The battle for green
Saving Five Gardens: The municipal body goes back to the drawing board after residents reject its plan, argue that the revamp will eat into the green, open space in the heritage precinctmumbai Updated: Apr 22, 2010 01:24 IST
The plan to beautify the historic Five Gardens has spiralled into a citizen’s battle to save the open space.
Located in the old Parsi Colony neighbourhood in Dadar-Matunga, work on the 22,000 sqm Mancherji Edalji Joshi Gardens, as it is officially known, has been stalled for the past three months after locals joined hands and complained to the Mumbai Heritage Conservation Committee about the revamp plan, drawn up by the municipal body.
The reason: citizens complain that the revamp will actually eat into area’s green space, mar its beauty and damage its heritage elements. The Five Gardens is a Grade II heritage precinct, which was laid out in the 1920s.
“We really want the Gardens restored. But many elements included in the first plan are unwanted,” said Ramona Reshamwala, a local who visits the place regularly. Shashikant Parchure (70), a resident of King Circle who frequents the Gardens, said: “The Gardens should be left as they are, without damaging their natural beauty.”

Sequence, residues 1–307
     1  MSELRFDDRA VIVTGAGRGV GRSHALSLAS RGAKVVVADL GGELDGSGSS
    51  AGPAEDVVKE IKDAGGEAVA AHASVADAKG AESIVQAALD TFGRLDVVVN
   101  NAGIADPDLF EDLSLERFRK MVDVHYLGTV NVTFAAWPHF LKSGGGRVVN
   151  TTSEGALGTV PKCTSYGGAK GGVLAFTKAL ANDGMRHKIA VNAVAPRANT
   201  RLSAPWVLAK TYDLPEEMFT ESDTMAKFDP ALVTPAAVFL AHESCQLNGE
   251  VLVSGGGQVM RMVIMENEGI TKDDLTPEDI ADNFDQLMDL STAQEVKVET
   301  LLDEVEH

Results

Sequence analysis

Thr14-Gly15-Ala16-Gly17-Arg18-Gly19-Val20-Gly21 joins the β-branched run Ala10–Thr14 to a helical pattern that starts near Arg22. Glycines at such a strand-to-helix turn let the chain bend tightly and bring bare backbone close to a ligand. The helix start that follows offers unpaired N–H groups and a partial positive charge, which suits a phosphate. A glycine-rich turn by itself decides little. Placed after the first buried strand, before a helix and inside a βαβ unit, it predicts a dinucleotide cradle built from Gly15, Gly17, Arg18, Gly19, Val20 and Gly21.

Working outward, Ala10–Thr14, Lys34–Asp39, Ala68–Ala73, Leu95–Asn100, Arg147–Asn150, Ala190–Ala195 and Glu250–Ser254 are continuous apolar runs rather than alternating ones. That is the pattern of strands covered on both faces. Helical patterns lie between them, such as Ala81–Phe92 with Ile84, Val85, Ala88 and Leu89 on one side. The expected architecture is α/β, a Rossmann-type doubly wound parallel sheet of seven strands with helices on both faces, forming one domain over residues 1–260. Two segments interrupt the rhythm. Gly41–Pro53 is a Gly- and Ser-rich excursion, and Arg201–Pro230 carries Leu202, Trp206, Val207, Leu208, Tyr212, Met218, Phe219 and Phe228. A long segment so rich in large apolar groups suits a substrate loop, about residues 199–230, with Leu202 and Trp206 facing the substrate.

The civic body’s plan included replacing all the original railings and the cobblestones of the footpath around the Gardens. Other sore points were the proposal to build concrete seating, an amphitheatre and a bandstand in the central garden, along with a food plaza, all of which would reduce the garden space.
“We don’t want new construction in the garden premises, we want the space to be left open,” said another resident Tanaz Soonawallah. “There is also no need to replace the heritage railings, and building a walking track inside the Gardens depletes the green area.”
Residents convinced the Mumbai Heritage Conservation Committee to visit the spot, after which it stopped the revamp work and asked the civic body to submit a fresh plan taking into consideration the residents’ complaints.
Local corporator Raghunath Thawai, who is pushing for the revamp, said a modified plan is now being drawn up, which has got an in-principle approval from the MHCC.
He said the new plan would make the place beautiful. “There will be exclusive gardens like one for children, one for senior citizens, one will be a playground, one will have an informal set-up with for small gatherings,” said Thawai.